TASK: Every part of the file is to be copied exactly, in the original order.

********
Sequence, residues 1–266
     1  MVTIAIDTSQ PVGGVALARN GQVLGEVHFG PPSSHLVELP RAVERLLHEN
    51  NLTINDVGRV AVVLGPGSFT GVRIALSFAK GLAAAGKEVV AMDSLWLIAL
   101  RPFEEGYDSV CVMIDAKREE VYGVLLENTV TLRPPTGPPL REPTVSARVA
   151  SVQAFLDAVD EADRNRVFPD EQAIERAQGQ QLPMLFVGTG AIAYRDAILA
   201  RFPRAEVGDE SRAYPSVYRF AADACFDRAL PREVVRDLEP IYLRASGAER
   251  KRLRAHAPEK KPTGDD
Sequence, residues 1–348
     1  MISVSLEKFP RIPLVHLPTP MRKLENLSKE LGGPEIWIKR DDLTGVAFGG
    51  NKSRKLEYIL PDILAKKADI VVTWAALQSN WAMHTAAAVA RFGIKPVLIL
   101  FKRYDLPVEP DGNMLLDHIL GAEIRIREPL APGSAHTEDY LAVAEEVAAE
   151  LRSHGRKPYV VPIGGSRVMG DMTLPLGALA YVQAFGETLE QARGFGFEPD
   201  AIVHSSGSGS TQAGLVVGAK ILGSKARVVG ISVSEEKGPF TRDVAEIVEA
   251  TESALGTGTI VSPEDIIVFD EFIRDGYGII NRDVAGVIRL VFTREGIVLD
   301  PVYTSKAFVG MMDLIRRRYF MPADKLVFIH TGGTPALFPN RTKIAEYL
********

Sequence, residues 1–266
     1  MVTIAIDTSQ PVGGVALARN GQVLGEVHFG PPSSHLVELP RAVERLLHEN
    51  NLTINDVGRV AVVLGPGSFT GVRIALSFAK GLAAAGKEVV AMDSLWLIAL
   101  RPFEEGYDSV CVMIDAKREE VYGVLLENTV TLRPPTGPPL REPTVSARVA
   151  SVQAFLDAVD EADRNRVFPD EQAIERAQGQ QLPMLFVGTG AIAYRDAILA
   201  RFPRAEVGDE SRAYPSVYRF AADACFDRAL PREVVRDLEP IYLRASGAER
   251  KRLRAHAPEK KPTGDD
Sequence, residues 1–348
     1  MISVSLEKFP RIPLVHLPTP MRKLENLSKE LGGPEIWIKR DDLTGVAFGG
    51  NKSRKLEYIL PDILAKKADI VVTWAALQSN WAMHTAAAVA RFGIKPVLIL
   101  FKRYDLPVEP DGNMLLDHIL GAEIRIREPL APGSAHTEDY LAVAEEVAAE
   151  LRSHGRKPYV VPIGGSRVMG DMTLPLGALA YVQAFGETLE QARGFGFEPD
   201  AIVHSSGSGS TQAGLVVGAK ILGSKARVVG ISVSEEKGPF TRDVAEIVEA
   251  TESALGTGTI VSPEDIIVFD EFIRDGYGII NRDVAGVIRL VFTREGIVLD
   301  PVYTSKAFVG MMDLIRRRYF MPADKLVFIH TGGTPALFPN RTKIAEYL